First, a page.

A GERMAN REVIVAL, THEN THE ROOF CLOSING GIVES BIG W LONGEST DAY

One side of the new Court One, built in 1997

One side of the new Court One, built in 1997

They closed Wimbledon’s retractable Centre Court roof for the first time.  Why?  A Monday afternoon sprinkle that was soon over, but the folks at the All England Club were itchy to play with their new $140 million toy.  The weather was acting too nice in this corner of the world that has long been known as the tropical rain forest of Southwest London.  Sunny day followed sunny day, and the roof remained open.

No rain on the roof.  Rain, once an unwelcome visitor, was being prayed for, if only to show off the fancy new engineering that has banished rain-outs – at least for the prime playground, Centre Court.  Although the sun soon returned, strangely the roof stayed closed for the homeboy Andy Murray. But management got lucky.  With the lights on, Andy and Stanislav Wawrinka were able to stage their 5-set epic (three hours, 56 minutes) until 10:38.  Without the roof, Murray – the winner, 2-6, 6-3, 6-3, 5-7, 6-3 – and Wawrinka would have been halted by darkness an hour before.  Instead, Wimbledon had its latest closing. An historic night match.

Meanwhile, a kid named Lisicki and an “old man” (in tennis terms) named Haas recalled the days when Germany had a couple who tore the tournament apart for a while.  They were Steffi Graf, 7 times champion between 1988 and 1996, and Boris Becker, thrice champ between 1985 and 1989.  Once these two Hall of Famers called it a career, Germany subsided drastically.

Maybe 19-year-old Sabine Lisicki, a honey blonde with a honey of a roaring serve, and 31-year-old Tommy Haas, free from injuries that that have plagued him for a long time, will stir things up in their homeland.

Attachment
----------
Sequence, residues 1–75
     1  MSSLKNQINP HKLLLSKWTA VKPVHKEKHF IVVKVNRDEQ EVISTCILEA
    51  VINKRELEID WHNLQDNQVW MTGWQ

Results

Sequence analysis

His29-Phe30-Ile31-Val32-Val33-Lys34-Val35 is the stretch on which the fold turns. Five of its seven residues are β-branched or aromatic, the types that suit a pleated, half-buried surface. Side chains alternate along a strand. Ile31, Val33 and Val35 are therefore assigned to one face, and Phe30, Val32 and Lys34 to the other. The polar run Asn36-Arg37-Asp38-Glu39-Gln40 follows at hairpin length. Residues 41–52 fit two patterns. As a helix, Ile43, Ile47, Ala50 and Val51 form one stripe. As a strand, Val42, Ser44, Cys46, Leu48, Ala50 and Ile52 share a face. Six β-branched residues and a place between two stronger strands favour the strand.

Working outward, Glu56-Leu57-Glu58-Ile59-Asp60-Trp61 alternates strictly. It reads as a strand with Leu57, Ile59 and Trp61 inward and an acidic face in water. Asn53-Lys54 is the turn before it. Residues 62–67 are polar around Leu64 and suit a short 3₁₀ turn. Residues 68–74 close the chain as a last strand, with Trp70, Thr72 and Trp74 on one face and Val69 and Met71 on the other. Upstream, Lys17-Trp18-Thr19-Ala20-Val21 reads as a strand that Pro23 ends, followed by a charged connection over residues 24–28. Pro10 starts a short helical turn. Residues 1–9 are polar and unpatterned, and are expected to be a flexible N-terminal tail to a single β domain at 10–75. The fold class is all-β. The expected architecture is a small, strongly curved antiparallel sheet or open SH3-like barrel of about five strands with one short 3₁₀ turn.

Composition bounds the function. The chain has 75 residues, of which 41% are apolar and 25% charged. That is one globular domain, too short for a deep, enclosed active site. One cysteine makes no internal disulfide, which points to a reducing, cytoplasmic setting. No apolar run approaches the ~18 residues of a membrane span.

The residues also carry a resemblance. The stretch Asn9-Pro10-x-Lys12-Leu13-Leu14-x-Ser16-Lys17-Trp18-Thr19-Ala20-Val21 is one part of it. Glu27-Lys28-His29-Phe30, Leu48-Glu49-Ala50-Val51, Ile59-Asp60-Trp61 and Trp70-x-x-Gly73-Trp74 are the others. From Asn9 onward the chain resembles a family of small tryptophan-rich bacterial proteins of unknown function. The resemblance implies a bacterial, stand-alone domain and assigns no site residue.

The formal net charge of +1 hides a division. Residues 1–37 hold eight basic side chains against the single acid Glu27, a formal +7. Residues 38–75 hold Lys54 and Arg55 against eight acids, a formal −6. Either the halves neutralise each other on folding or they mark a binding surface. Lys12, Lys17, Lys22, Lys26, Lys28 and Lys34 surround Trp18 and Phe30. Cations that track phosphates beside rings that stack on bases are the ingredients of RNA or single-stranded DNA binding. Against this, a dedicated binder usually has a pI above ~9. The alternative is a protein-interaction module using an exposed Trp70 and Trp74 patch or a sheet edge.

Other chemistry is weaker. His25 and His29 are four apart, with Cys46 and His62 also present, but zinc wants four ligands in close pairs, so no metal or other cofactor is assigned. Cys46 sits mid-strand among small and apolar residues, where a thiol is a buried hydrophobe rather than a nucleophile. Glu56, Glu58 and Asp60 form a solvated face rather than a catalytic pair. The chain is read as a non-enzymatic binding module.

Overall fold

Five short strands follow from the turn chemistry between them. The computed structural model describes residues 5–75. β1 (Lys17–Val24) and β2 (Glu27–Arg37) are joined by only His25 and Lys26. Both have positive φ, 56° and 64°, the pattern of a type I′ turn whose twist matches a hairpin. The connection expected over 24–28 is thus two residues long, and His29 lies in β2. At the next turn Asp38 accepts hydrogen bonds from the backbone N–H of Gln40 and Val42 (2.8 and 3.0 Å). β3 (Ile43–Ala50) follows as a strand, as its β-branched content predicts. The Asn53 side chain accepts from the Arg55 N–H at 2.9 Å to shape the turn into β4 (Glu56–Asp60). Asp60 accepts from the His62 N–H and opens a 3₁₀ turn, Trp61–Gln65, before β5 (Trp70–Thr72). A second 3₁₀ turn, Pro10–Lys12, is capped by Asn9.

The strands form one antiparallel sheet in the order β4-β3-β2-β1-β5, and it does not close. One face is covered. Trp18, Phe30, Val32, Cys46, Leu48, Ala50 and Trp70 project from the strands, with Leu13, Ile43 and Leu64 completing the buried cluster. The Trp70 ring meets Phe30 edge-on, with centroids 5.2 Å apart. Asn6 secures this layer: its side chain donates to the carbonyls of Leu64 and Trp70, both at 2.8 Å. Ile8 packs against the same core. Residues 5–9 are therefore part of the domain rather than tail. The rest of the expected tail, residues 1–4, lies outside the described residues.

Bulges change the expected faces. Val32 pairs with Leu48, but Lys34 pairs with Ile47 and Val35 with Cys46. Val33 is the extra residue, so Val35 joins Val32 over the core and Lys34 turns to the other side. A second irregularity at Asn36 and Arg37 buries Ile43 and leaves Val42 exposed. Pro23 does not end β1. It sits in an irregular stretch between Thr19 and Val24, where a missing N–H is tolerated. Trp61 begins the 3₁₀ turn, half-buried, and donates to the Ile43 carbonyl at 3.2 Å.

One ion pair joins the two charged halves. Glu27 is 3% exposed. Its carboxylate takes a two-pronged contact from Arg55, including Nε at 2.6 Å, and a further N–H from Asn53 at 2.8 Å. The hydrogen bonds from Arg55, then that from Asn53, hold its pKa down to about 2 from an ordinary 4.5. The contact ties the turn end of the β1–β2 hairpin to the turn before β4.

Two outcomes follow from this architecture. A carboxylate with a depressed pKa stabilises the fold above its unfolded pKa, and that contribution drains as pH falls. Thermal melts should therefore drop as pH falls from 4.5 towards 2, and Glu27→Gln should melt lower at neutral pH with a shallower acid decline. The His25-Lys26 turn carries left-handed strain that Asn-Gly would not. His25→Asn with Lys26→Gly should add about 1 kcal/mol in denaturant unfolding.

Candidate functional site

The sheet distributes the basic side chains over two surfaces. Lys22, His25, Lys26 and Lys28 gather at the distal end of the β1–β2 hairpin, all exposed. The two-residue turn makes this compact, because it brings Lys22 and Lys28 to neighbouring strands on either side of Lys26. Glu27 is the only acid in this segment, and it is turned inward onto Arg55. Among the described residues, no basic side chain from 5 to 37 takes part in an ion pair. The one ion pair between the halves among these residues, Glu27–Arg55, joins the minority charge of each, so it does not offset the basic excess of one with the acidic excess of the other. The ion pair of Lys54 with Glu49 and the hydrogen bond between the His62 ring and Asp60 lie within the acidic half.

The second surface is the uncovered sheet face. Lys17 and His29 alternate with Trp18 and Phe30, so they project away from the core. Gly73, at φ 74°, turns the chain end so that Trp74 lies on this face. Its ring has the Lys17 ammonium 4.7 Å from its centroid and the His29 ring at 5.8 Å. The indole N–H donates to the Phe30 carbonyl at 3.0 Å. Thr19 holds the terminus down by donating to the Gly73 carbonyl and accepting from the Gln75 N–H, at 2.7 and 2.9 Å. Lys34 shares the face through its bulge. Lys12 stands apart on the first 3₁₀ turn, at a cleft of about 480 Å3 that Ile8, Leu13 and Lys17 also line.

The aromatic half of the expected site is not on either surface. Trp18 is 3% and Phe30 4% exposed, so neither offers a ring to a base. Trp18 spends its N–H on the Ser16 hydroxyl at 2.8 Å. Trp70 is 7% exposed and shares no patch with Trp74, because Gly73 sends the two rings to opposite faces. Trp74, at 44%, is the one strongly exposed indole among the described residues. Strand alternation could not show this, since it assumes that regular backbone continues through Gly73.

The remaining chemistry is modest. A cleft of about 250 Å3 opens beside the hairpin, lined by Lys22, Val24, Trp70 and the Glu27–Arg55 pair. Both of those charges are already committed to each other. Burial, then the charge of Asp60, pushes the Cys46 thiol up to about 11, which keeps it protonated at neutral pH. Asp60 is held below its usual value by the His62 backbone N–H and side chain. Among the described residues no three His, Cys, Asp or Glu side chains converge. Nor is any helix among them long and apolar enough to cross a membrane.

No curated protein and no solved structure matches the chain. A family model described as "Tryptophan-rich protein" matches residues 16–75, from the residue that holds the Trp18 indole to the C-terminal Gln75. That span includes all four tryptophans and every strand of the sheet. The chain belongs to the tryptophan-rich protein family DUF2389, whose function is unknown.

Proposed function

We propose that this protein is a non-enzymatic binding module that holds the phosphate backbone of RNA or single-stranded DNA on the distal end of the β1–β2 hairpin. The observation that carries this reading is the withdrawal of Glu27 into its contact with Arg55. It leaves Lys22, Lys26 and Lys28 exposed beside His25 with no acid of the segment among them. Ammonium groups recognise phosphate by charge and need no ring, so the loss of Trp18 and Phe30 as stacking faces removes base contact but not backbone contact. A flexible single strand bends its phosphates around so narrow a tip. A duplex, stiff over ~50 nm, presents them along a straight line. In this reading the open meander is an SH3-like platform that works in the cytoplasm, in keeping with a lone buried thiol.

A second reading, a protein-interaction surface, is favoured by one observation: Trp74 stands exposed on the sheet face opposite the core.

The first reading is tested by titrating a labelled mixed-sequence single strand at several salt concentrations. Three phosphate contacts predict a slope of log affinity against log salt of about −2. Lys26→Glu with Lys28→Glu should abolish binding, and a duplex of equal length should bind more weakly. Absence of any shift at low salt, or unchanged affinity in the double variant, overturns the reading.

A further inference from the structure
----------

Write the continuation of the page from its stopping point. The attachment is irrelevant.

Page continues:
Bill Macatee and Martina Navratilova interviewing Ana Ivanovic for Tennis Channel

Bill Macatee and Martina Navratilova interviewing Ana Ivanovic for Tennis Channel

Both have crashed the quarterfinals, No. 41 Lisicki evicting No. 9 Caroline Wozniacki of Denmark, 6-4, 6-4, and No. 24 Haas getting a “revenge win” over Russian Igor Andreev, 7-6 (10-8), 6-4, 6-4.  “Igor beat me the last time we played, Davis Cup on clay.”

Haas, the winner of the grass court tuneup at Halle (Germany) has a streak of 9 victories and 12 of his last 13.

He muses, “I was injured a lot, so that has kind of helped because I was forced to be on the sidelines too many times for my liking.  So maybe there’s some time left for me.  If somebody had said two months ago I’d be in the quarters at Wimbledon, I wasn’t so sure.  This is a fantastic run no matter what happens from here.  You know if you still continue to play well, have some success every now and then, I mean that’s what you play for.”

A reporter asked Tommy if he knew of the last 30-year-old to win Wimbledon.  “Well, I’m 31.  Who was it,” he responded.

Arthur Ashe upsetting Jimmy Connors in the 1975 final.   Next up for Tommy is Novak Djokovic.

Sabine Lisicki, who can serve in the 120s, was bounced swiftly from her Wimbledon debut a year ago.  “I was never in that first rounder,” she laughs.  “I’d never played on grass, didn’t like it.  I was overwhelmed.  But I like it now.”

She won Charleston, S.C., recently, her first pro title, beating her victim of today, Wozniacki.  “I’m surprised at getting this far, and how well I’ve played,” she says. “The key was my first match.  Anna Chakvatadze [4-6, 7-6 (7-4), 6-2].  I was two points from losing, but pulled it out.”  But her big prize was bringing down French Open champ Svetlana Kuznetsova, 6-2, 7-5.  Now she has a shot at No. 1 Dinara Safina.

Maybe Germany is recovering.

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